Referring to FIGS. 2 and 3, the synthesis network structure 150 includes a set of stored parameters 152, a delay line structure 154, a delay line length modulator 156, and a set of feedback loop filters 160. The stored parameters 152, which control operation of the synthesis network structure 150, include a fundamental frequency parameter 152A denoted as F, and frequency differential parameter 152B denoted as Δf, a frequency multiplier 152C denoted as N/M, a modulation index 152D denoted as A, and a first scaling coefficient denoted as g1. The second preferred embodiment shown in FIG. 5 includes additional stored parameters: a regeneration modulation coefficient 152E denoted as B, a second scaling coefficient denoted as g2, and a low pass loop filter control parameter 152F sometimes denoted as μ. These stored parameters can be changed by the host computer either at the direction of the system's user, or automatically, such as by a procedure that slowly varies one or more of the stored parameters so as to create a variety of sounds.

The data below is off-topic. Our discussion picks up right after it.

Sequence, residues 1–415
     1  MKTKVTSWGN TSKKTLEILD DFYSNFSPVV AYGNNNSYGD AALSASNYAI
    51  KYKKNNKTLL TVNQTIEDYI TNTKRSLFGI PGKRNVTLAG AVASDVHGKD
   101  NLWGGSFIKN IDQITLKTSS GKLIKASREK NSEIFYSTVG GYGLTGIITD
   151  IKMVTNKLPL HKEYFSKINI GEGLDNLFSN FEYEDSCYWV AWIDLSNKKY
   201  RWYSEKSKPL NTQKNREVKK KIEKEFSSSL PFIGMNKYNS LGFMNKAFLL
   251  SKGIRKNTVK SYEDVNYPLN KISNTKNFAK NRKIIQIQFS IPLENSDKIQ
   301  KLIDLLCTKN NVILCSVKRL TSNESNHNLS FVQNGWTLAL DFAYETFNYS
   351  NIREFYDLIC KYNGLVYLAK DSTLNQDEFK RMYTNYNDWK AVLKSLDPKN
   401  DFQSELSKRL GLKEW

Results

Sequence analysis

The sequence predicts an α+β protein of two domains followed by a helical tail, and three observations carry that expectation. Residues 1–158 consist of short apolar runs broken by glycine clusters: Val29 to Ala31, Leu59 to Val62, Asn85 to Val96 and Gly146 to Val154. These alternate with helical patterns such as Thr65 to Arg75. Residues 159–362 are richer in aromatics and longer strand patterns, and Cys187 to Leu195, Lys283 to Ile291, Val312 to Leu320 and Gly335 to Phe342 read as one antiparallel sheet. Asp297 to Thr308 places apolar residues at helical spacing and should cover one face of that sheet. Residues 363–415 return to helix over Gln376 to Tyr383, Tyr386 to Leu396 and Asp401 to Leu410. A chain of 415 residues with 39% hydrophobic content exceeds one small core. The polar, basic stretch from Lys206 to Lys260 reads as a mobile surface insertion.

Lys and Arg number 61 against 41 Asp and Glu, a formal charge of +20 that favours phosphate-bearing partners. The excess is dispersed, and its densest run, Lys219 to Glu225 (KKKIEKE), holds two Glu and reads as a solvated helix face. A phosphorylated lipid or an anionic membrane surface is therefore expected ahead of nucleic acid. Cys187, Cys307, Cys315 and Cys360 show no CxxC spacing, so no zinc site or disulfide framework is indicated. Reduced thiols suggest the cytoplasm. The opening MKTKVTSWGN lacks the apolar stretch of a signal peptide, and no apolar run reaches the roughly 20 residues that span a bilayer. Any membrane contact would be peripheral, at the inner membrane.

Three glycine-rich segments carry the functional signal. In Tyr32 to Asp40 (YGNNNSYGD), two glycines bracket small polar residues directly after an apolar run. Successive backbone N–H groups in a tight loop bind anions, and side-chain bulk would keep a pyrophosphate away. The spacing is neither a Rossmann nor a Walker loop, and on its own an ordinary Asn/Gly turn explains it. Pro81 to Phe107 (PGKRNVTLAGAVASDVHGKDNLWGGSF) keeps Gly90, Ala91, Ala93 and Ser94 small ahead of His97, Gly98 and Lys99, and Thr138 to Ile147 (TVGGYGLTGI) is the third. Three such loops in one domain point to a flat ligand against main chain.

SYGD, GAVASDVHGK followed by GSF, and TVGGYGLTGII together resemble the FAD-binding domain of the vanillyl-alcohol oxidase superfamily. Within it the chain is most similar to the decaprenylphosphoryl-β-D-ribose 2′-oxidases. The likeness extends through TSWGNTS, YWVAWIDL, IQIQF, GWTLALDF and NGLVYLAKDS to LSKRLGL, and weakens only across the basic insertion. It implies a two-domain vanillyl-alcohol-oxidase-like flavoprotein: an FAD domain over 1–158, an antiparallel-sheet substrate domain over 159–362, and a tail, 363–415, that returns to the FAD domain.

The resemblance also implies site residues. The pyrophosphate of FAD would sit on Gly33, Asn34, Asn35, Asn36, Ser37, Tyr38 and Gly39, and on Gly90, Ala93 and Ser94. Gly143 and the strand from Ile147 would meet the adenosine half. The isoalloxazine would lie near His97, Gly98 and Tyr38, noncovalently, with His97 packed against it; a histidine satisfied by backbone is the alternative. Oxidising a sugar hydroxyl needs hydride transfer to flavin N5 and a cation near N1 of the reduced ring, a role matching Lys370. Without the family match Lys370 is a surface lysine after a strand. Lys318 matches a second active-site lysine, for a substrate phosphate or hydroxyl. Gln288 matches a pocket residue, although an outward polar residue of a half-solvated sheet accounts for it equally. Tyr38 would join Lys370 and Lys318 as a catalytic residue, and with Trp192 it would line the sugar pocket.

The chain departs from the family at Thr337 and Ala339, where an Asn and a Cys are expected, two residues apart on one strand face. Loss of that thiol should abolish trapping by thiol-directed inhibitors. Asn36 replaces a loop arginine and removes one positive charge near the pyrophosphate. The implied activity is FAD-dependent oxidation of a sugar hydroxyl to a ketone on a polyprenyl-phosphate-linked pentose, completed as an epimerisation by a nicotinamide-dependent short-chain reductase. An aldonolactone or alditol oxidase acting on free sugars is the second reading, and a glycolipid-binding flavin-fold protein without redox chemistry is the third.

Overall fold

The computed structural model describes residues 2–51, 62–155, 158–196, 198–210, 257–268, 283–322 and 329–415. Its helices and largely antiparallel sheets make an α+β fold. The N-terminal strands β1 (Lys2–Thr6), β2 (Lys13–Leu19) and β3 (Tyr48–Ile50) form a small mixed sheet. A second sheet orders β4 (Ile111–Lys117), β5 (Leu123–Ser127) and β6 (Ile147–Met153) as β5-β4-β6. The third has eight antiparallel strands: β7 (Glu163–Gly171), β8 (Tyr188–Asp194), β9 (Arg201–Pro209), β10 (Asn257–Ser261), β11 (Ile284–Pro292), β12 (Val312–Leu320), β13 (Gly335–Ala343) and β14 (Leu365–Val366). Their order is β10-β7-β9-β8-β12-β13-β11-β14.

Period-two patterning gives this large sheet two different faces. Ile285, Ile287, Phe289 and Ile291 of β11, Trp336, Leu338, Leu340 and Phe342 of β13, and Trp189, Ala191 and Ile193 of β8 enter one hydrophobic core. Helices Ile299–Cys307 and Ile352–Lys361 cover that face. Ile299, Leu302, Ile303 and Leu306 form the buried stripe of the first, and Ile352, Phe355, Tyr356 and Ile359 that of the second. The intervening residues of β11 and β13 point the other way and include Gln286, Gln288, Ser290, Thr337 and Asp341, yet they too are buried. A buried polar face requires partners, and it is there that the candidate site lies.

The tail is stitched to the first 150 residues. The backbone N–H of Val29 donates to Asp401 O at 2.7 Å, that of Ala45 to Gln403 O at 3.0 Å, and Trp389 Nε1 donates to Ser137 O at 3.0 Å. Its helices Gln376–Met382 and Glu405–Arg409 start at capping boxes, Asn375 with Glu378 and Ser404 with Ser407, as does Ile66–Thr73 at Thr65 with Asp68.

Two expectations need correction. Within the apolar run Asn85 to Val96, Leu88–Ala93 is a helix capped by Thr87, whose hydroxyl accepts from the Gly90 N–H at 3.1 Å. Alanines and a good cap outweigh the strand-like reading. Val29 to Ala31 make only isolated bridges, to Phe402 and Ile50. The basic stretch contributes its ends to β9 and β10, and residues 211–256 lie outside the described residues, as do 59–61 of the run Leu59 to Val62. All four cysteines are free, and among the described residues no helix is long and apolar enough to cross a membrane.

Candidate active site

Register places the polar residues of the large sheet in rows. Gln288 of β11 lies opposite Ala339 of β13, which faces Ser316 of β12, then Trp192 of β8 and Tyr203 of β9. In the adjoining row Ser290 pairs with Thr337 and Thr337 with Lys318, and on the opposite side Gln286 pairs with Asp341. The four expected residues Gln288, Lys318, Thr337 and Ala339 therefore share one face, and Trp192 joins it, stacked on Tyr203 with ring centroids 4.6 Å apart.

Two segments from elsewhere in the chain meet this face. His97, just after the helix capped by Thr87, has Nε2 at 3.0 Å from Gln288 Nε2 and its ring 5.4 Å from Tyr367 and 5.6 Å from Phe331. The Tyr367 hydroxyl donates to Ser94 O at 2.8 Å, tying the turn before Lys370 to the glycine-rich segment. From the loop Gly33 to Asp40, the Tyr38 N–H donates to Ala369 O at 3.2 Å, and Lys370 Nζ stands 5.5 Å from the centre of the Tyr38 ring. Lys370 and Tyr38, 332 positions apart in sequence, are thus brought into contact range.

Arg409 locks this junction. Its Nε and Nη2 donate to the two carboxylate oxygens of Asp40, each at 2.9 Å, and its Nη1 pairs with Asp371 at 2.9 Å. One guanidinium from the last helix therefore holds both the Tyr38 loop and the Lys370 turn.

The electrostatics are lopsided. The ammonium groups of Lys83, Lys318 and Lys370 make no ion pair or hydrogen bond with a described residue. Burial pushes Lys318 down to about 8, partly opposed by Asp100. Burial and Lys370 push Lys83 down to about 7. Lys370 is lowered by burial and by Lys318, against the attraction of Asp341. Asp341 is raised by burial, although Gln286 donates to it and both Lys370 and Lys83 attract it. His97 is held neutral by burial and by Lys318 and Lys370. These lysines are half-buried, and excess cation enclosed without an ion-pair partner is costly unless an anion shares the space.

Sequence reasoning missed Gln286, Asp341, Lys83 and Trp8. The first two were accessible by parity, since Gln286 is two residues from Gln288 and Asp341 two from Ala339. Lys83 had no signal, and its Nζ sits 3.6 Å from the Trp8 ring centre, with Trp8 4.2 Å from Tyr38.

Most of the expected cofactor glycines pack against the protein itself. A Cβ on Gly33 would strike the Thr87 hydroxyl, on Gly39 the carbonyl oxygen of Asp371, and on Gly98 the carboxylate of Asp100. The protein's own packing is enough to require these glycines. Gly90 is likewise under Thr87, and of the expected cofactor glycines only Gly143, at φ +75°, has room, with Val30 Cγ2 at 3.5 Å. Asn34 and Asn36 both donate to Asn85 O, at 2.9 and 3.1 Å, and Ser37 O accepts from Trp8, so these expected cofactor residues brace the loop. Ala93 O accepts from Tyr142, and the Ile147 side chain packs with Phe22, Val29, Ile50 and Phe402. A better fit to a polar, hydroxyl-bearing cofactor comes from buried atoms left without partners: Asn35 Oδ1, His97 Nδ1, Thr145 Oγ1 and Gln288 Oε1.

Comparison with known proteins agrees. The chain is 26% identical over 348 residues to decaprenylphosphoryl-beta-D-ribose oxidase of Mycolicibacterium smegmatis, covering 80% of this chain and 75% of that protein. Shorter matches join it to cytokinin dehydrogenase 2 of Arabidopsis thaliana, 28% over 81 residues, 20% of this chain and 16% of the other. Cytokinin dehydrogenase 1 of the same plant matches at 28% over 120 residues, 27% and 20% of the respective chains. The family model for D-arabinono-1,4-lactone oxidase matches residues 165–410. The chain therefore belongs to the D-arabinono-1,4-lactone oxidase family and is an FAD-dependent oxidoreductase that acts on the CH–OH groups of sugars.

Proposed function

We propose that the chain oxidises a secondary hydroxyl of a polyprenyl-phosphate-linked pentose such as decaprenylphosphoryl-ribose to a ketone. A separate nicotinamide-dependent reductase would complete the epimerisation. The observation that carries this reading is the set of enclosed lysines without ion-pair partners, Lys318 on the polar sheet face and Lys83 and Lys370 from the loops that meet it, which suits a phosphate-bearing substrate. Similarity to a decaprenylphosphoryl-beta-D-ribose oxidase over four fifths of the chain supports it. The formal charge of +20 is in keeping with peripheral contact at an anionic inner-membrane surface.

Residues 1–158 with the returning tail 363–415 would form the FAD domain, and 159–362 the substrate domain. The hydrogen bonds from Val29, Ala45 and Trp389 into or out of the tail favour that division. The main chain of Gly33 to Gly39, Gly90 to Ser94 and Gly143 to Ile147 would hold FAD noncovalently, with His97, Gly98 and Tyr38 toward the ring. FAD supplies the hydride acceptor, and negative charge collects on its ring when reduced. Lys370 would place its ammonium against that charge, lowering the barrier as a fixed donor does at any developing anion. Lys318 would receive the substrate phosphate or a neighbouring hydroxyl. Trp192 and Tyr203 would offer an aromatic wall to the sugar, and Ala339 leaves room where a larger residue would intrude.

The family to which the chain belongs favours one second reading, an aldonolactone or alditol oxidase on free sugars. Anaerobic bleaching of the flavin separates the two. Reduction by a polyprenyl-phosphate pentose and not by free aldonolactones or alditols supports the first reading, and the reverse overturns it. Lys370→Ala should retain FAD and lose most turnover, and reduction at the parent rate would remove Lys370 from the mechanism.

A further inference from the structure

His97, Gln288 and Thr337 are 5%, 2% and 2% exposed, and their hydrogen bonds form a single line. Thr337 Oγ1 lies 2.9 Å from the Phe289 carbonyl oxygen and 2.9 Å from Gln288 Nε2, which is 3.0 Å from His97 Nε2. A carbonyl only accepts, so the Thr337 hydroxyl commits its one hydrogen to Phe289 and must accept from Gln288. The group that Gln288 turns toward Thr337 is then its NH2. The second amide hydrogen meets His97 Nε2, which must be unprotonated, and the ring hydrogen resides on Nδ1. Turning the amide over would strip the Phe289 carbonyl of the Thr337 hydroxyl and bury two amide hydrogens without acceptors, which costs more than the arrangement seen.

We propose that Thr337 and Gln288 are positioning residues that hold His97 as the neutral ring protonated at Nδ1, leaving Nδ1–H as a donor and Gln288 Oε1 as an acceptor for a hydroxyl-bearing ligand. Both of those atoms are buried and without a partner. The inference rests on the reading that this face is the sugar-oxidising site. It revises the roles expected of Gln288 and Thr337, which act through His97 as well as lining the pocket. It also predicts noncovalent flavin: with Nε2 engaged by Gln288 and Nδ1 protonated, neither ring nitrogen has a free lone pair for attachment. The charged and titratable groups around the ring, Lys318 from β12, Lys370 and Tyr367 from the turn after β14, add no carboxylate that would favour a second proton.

All dynamically updated values in the synthesis network structure 150 are updated at the audio sampling rate, which in the preferred embodiment is 44,100 Hz. Thus, a new input value is stored in the delay line 44,100 times per second, the modulation waveform L(n) generated by the delay line length modulator 156 is updated 44,100 times per second, and so on. The index parameter "n" is used to indicate the current sample period. Thus, "L(n)" represents the current value of the modulation waveform, while "L(n-1)" represents the previous value of the modulation waveform. In other embodiments of the present invention other sampling rates could be used, such as 22,050 Hz or 16,000 Hz.